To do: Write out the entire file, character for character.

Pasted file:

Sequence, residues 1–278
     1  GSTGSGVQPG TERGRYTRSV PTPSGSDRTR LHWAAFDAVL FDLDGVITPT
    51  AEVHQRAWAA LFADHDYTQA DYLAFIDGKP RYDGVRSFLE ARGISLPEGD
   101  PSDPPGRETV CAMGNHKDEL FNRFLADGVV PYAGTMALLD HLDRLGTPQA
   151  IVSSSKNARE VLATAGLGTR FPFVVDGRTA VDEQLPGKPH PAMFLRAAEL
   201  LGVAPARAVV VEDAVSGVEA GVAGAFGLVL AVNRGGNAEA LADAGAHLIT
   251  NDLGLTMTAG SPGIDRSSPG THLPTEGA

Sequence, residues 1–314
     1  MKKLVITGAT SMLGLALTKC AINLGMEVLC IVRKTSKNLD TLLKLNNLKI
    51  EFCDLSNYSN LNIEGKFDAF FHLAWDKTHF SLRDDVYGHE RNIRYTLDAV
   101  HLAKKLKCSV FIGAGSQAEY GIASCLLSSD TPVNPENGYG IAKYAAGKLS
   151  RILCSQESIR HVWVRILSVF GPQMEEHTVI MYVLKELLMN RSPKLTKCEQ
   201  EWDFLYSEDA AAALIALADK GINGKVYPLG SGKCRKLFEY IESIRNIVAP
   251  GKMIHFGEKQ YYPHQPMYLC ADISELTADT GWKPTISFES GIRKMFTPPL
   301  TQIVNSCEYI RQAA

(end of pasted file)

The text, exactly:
Sequence, residues 1–278
     1  GSTGSGVQPG TERGRYTRSV PTPSGSDRTR LHWAAFDAVL FDLDGVITPT
    51  AEVHQRAWAA LFADHDYTQA DYLAFIDGKP RYDGVRSFLE ARGISLPEGD
   101  PSDPPGRETV CAMGNHKDEL FNRFLADGVV PYAGTMALLD HLDRLGTPQA
   151  IVSSSKNARE VLATAGLGTR FPFVVDGRTA VDEQLPGKPH PAMFLRAAEL
   201  LGVAPARAVV VEDAVSGVEA GVAGAFGLVL AVNRGGNAEA LADAGAHLIT
   251  NDLGLTMTAG SPGIDRSSPG THLPTEGA

Sequence, residues 1–314
     1  MKKLVITGAT SMLGLALTKC AINLGMEVLC IVRKTSKNLD TLLKLNNLKI
    51  EFCDLSNYSN LNIEGKFDAF FHLAWDKTHF SLRDDVYGHE RNIRYTLDAV
   101  HLAKKLKCSV FIGAGSQAEY GIASCLLSSD TPVNPENGYG IAKYAAGKLS
   151  RILCSQESIR HVWVRILSVF GPQMEEHTVI MYVLKELLMN RSPKLTKCEQ
   201  EWDFLYSEDA AAALIALADK GINGKVYPLG SGKCRKLFEY IESIRNIVAP
   251  GKMIHFGEKQ YYPHQPMYLC ADISELTADT GWKPTISFES GIRKMFTPPL
   301  TQIVNSCEYI RQAA